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Gansu Becomes China’s #2 Apple-Producing Province

September 20, 2020

On Sept. 13, eight trucks carrying a total of 78 tons of Huaniu apples departed Tianshui Huaniu Apple Group in Gansu province’s Maiji District headed for various cities across China. This marks the peak of Gansu’s apple-harvesting season.

According to statistics from the local department of agriculture, Gansu produced 6.5 million tons of apples in 2019, with a total value of 40 billion Chinese yuan ($5.9 billion) and a growing area of 6.57 million mu (1.08 million acres). In 2020, the growing area has slightly increased to 6.62 million mu (1.09 million acres), while the production volume and total value are forecast to remain stable at approximately 6.5 million tons and 40.8 billion yuan ($6.04 billion), respectively. Gansu’s apple sector has been growing in prominence over the last several years, and the province has now become China’s second-largest apple-producing region in terms of volume. Apple production is concentrated in the southeast portion of the province in the vicinity of cities such as Pingliang, Qingyang, Tianshui and Longnan.

Furthermore, 100,000 mu (16,500 acres) have been established as certified GAP demonstration grounds, over 1 million mu (165,000 acres) as national standardized green food production areas (similar to organic certification), nearly 200,000 mu (33,000 acres) as registered growing areas for exporting, and over 800,000 mu (132,000 acres) as green-certified fruit production areas. In addition, 56,000 storage units have been set up, as well as over 1,600 refrigerated storage facilities with a total capacity of 2.6 million tons. More than 120 post-production processing lines have also been established, and this season’s post-harvest processing is now 60% complete. Gansu province is working to establish itself as a core production area in China and aims to reach a total growing area of 6.8 million mu (1.1 million acres) by 2023, with a projected production volume of 7.56 million tons and total value of 53 billion yuan ($7.8 billion).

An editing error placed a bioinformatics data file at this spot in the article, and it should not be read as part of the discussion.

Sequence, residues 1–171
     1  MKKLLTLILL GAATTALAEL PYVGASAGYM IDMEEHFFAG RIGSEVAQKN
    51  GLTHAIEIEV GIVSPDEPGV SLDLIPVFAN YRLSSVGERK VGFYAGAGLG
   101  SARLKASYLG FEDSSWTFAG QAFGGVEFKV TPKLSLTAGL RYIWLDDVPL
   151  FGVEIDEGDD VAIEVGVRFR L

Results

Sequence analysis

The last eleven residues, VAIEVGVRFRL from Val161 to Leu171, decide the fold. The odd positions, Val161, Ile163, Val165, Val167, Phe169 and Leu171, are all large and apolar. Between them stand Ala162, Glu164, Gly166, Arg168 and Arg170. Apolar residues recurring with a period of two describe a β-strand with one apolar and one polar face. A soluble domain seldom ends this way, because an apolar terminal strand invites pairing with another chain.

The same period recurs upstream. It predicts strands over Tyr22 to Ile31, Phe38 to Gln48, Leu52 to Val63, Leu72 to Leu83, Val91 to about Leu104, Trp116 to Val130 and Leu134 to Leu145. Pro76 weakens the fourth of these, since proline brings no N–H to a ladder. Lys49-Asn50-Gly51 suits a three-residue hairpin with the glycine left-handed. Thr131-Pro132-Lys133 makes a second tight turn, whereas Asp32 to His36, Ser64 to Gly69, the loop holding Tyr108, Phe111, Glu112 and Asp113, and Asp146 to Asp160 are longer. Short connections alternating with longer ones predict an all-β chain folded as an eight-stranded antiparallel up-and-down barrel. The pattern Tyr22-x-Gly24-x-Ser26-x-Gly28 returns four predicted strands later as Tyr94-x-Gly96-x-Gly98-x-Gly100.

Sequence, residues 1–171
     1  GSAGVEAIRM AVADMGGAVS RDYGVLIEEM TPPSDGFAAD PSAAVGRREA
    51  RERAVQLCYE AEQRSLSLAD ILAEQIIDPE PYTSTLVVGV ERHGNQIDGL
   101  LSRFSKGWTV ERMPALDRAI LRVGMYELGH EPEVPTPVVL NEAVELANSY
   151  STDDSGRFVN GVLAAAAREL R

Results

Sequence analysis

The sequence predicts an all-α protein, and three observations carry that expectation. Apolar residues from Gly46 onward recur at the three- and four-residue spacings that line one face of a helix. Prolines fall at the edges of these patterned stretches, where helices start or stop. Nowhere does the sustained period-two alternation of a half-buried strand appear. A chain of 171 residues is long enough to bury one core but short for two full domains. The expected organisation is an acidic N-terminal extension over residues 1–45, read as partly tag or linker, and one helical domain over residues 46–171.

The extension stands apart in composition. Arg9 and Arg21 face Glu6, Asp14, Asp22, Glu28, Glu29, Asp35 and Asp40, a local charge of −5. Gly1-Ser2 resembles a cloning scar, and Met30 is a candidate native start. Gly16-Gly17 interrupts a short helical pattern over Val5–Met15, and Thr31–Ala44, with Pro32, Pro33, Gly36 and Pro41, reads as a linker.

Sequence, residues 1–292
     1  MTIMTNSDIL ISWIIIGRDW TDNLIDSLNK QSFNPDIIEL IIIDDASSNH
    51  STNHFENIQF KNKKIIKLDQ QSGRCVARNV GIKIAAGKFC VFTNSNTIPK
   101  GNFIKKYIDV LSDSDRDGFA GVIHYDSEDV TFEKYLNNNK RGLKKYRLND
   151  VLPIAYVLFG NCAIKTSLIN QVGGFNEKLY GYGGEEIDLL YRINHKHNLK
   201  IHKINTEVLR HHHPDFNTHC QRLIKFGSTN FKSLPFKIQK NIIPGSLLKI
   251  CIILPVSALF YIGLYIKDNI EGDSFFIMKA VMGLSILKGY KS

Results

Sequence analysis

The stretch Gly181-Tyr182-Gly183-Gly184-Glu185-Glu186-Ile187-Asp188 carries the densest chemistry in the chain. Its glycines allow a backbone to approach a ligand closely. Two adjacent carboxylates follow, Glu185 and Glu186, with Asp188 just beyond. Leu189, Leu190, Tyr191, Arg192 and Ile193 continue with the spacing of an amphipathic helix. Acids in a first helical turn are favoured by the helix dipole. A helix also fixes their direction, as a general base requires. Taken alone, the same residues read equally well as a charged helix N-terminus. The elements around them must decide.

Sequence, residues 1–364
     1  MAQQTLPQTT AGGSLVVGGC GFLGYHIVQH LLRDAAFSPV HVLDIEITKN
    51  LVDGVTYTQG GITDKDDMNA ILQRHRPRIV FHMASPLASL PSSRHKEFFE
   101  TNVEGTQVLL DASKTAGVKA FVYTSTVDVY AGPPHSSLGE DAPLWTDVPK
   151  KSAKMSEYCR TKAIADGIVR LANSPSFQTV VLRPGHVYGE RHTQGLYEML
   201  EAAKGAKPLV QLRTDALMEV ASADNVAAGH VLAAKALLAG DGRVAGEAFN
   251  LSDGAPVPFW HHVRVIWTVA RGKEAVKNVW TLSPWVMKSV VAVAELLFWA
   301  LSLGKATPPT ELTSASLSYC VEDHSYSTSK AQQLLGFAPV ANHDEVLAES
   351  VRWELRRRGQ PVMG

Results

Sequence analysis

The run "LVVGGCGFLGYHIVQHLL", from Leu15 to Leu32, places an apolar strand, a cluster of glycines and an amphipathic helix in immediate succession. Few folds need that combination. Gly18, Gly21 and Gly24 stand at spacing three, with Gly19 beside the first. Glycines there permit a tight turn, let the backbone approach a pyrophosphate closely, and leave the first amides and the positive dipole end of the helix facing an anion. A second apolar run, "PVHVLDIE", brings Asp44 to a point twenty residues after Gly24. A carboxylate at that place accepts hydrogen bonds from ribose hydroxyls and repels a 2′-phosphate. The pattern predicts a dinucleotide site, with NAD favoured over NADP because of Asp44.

Apple prices have been trending upward since last year’s lows. The recent continuous rainfall has resulted in two different categories of apples in terms of price. The first type is apples that have grown well to reach a diameter of 75 millimeters or more, which average 3.5 yuan per jin ($1.03 per kilogram), while the second is apples that have developed black spots due to the rain and have a diameter of less than 65 millimeters, which average 2.5 yuan per jin (roughly $0.74 per kilogram).

Owing to frosts in April and May in conjunction with late-season hailstorms, China’s total apple production has fallen this year and is currently projected to reach approximately 41 million tons. Domestically grown Fuji and Huaniu apples with diameters of 75 mm or more are expected to fetch considerably higher prices than they did last year, with Fuji apples at 3 yuan per jin ($0.89 per kilogram) and Huaniu apples at 2 yuan per jin ($0.59 per kilogram). Gansu has exported 26,000 tons of fresh apples this year with a total value of 190 million yuan ($28.1 million), and the province’s apples have also reached new export destinations, including Mexico, Uzbekistan and Australia.

Huaniu apples, a specialty of Gansu province, have shown promising development in recent years. At this year’s China Fruit Industry Brand Conference held in Foshan in Guangdong province, Huaniu apples from Tianshui city were valued at 4.307 billion yuan ($636 million), placing them in the top 15 most valuable regional fruit varieties in China. At present, the growing area for Huaniu apples in Tianshui stands at 1.4 million mu (231,000 acres), and this year’s production volume is projected to reach 2.1 million tons with a value of over 5 billion yuan ($740 million).

With the current high season preceding the fall holidays, higher grade apples with diameters of 75 mm or more are selling for 2.2–4.5 yuan per jin ($0.65–1.33 per kilogram), average fruits at 1.4–2.6 yuan per jin ($0.41–0.77 per kilogram) and lower grade apples at 0.8–1.4 yuan per jin ($0.24–0.41 per kilogram), representing overall increases relative to last year. The local government has also strengthened its financial assistance to the sector, distributing loans worth 100 million yuan ($14.8 million) to local fruit enterprises, as well as 30 million yuan ($4.43 million) to key agricultural enterprise associations and 25 million yuan ($3.70 million) to poverty alleviation companies for harvest and storage funding.

Image: Pixabay

This article was translated from Chinese. Read the original article.


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